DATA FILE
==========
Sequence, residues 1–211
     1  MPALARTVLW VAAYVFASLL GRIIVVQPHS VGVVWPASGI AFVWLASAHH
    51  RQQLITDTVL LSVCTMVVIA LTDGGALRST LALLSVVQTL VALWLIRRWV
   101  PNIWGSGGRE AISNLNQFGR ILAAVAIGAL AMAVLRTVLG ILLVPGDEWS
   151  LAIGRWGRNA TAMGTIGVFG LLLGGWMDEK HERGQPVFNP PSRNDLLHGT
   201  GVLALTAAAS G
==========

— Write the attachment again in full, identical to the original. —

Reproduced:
Sequence, residues 1–211
     1  MPALARTVLW VAAYVFASLL GRIIVVQPHS VGVVWPASGI AFVWLASAHH
    51  RQQLITDTVL LSVCTMVVIA LTDGGALRST LALLSVVQTL VALWLIRRWV
   101  PNIWGSGGRE AISNLNQFGR ILAAVAIGAL AMAVLRTVLG ILLVPGDEWS
   151  LAIGRWGRNA TAMGTIGVFG LLLGGWMDEK HERGQPVFNP PSRNDLLHGT
   201  GVLALTAAAS G